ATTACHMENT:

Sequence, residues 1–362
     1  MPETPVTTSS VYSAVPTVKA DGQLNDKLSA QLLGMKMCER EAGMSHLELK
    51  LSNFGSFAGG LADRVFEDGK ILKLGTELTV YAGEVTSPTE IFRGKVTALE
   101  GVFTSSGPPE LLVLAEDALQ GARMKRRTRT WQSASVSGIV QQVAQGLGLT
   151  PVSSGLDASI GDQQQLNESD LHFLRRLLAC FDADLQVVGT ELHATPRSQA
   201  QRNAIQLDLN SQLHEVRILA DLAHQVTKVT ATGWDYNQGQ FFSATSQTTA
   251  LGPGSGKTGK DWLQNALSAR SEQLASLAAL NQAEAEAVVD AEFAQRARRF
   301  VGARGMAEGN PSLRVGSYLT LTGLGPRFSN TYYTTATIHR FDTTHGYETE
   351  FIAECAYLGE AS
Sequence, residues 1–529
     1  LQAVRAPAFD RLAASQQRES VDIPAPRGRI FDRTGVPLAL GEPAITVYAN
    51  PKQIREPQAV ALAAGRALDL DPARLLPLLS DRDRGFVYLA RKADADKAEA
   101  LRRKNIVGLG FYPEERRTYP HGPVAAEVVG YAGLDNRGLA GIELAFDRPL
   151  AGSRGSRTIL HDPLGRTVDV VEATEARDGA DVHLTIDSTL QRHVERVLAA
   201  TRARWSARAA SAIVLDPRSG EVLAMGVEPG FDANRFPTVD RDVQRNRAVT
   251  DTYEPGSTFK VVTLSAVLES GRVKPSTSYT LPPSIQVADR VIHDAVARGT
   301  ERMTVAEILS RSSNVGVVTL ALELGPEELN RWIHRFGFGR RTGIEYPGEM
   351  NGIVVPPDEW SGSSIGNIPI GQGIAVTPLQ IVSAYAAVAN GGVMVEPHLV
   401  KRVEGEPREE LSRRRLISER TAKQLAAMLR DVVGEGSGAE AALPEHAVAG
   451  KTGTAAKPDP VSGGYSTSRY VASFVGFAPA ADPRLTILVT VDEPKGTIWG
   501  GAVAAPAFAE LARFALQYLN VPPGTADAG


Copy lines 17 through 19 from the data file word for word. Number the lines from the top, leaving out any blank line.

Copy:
   301  ERMTVAEILS RSSNVGVVTL ALELGPEELN RWIHRFGFGR RTGIEYPGEM
   351  NGIVVPPDEW SGSSIGNIPI GQGIAVTPLQ IVSAYAAVAN GGVMVEPHLV
   401  KRVEGEPREE LSRRRLISER TAKQLAAMLR DVVGEGSGAE AALPEHAVAG